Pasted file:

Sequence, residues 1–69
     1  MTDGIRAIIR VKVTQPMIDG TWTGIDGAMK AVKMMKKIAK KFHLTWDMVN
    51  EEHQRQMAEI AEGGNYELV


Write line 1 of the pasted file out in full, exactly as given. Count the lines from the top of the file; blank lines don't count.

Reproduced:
Sequence, residues 1–69